POST A COMMENT

83 Comments

Back to Article

  • Shadow_k - Monday, April 23, 2012 - link

    Did you disable the igp?
    95c you mad at 1.3V wow I wonder if Haswell face the same heat problem when overclocked
    Reply
  • IanCutress - Monday, April 23, 2012 - link

    The temperatures are what will confuse and surprise people. It really does run this hot - Sandy Bridge and Ivy Bridge, even though they are similar architectures, are made on a different process and using different transistor designs. This has seemingly had a very large effect on how the processor reacts. We may see it improve over time as the process matures, but as it stands, 95C at 1.30V is a real value - for a liquid cooler outside a case. So in a case it would perhaps be worse.

    Ian
    Reply
  • bah12 - Monday, April 23, 2012 - link

    Wouldn't this be expected from a pure physics perspective. Since a 22nm node has drastically shrunk the surface area in contact with the heat sink. Especially with the IGP off. The heat is now concentrated to a much smaller area, so it is all the more difficult to transfer that heat to the heat sink. Reply
  • MrSpadge - Monday, April 23, 2012 - link

    Yes, dissipating heat from a smaller die is harder, i. e. will leave your chip hotter, given the same cooling device. Reply
  • vol7ron - Tuesday, April 24, 2012 - link

    That's true, given the same heat; however, if you're using less current (lower voltage), the heat generated should also be less. If the current:surface area is a perfect ratio, the correlation of heat should also be close to 1. So as size decreases, so should heat.

    The problem, though, is that the efficiency of the transistors are questionable. Sure there may be more, but because you're creating them at a smaller scale, it could be less efficient releasing more electricity/heat to the external system.

    In addition, the materials used in the tri-gate setup is unknown, which could also impact the heat retained in the system.

    As Ian stated, as the manufacturing process matures, they could find ways to improve the process. This could lead to reduction in heat, and thus an increase in performance.
    Reply
  • CeriseCogburn - Friday, May 25, 2012 - link

    In a move quite uncharacteristic for me I'd just like to praise you for the very worthy and interesting article well done and setting the skewed misperceptions record straight.

    Very good. Much appreciated. Definitely unique and cutting edge. Worthwhile.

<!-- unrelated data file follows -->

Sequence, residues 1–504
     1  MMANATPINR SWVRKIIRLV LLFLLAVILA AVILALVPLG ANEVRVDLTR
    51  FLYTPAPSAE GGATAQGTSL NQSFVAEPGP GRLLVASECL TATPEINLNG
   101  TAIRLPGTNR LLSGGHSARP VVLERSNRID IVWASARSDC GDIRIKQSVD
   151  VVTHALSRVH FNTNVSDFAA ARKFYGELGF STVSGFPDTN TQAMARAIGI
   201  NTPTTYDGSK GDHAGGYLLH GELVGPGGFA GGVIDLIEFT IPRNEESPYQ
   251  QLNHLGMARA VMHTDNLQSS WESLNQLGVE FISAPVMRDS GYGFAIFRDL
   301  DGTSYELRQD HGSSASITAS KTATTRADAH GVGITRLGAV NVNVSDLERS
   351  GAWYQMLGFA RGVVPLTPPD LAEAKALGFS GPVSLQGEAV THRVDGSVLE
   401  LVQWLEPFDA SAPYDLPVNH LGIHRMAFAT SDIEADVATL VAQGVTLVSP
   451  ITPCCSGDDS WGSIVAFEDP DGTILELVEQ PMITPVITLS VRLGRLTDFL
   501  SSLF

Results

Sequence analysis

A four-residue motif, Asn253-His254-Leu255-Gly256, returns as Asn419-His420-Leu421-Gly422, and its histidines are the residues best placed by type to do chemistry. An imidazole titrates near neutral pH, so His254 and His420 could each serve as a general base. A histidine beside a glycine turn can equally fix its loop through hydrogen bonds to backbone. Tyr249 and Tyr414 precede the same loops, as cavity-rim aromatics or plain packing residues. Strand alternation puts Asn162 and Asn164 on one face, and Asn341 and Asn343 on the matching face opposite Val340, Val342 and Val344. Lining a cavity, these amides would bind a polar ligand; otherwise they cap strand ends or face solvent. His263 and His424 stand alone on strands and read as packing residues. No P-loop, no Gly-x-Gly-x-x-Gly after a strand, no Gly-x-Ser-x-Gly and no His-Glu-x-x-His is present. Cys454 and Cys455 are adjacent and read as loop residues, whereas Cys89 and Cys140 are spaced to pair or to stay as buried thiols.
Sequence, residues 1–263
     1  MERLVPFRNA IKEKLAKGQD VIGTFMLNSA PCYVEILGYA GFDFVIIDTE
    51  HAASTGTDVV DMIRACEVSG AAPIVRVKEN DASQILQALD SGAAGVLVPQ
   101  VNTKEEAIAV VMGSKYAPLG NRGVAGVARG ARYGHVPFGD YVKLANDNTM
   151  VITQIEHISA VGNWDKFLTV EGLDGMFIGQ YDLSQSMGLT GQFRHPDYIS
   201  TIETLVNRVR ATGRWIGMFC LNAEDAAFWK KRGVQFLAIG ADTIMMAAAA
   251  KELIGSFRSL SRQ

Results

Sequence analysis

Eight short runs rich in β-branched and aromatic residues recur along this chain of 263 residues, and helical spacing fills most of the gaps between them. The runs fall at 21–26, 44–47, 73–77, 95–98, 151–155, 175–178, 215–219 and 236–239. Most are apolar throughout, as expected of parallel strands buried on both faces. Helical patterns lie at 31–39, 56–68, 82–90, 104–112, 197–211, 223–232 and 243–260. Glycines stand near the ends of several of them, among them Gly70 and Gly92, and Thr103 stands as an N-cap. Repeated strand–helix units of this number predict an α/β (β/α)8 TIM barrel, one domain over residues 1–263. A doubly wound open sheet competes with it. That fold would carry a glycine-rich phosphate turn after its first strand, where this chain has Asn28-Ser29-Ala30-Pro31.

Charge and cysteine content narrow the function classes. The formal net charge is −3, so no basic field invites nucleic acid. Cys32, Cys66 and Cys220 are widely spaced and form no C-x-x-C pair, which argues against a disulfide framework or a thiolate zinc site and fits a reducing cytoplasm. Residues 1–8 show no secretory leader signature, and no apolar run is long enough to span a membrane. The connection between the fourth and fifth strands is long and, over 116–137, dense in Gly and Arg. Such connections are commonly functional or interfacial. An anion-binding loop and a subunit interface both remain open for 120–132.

Reply
  • MrSpadge - Monday, April 23, 2012 - link

    I don't thik they're equal as IB should consume considerably less power for similar clock speeds (if you stay at sane voltage levels). Reply
  • IanCutress - Monday, April 23, 2012 - link

    To answer your original question, for these tests I was running on discrete graphics without Virtu MVP, so the iGPU should have been power gated into a low state.

    Ian
    Reply
  • Kevin G - Monday, April 23, 2012 - link

    Would it be possible to adjust the graphs to have similar ranges for their axis? It'd the make the two first two graphs at stock and 4.4 Ghz much easier to compare. This would also apply to the constant 1.25V graph and the underclocking graph.

    Also would it be able to label each point on the PovRay test with the clock speed at that particular voltage (or are these values obtained at a constant clock)?
    Reply
  • IanCutress - Monday, April 23, 2012 - link

    Apologies, I should make it more clear. The graph with a single line of Temperature against voltage should be read in conjunction with the overclock graph. So at 0.90 V, we are at 3.9 GHz, 1.1V @ 4.4 GHz, 1.15V @ 4.6, 1.20V @ 4.7, 1.30V @ 4.8. Which means that perhaps 1.15 V at 4.6 GHz is a happy medium.

    Ian
    Reply
  • IanCutress - Monday, April 23, 2012 - link

    *1.1V @ 4.5 GHz Reply
  • C'DaleRider - Monday, April 23, 2012 - link

    "Ivy Bridge is now released and behaves differently to Sandy Bridge."

    That probably would better read with the "to" replaced with "than", a word that means a comparison. In your sentence above, Ian, to what does the phrase "to Sandy Bridge" refer? Do you mean in a comparison to Ivy Bridge, perhaps? Then, the word you used, "to", is wholly inappropriate and meaningless. Instead, that sentence would more properly read with the "to" replaced with "than", a word that means a comparison, i.e. I'd rather have a bottle in front of me THAN a frontal lobotomy.

    So, it'd read, "Ivy Bridge is now released and behaves differently than Sandy Bridge." The sentence now makes the comparison you were trying to say but failed.
    Reply
  • IanCutress - Monday, April 23, 2012 - link

    I could also write "Ivy Bridge is now released and it behaves differently to Sandy Bridge." or a variety of other ways. Along with this, I have to deal with avoiding British idioms for a mainly American based audience, as well as the issue of company plurality which seems very alien to me. However, if you do find other areas of English in one of my articles that perhaps need a touch up, please be tactful and email me (ian AT anandtech DOT com) rather than habitually pick out one phrase and demonstrate your horrific disgust about it on a public forum. Writers work their fingers to the bone to get some of these articles done in time, and we would appreciate it if you didn't beat down their hard work without at least attempting to contact them first as a polite indication.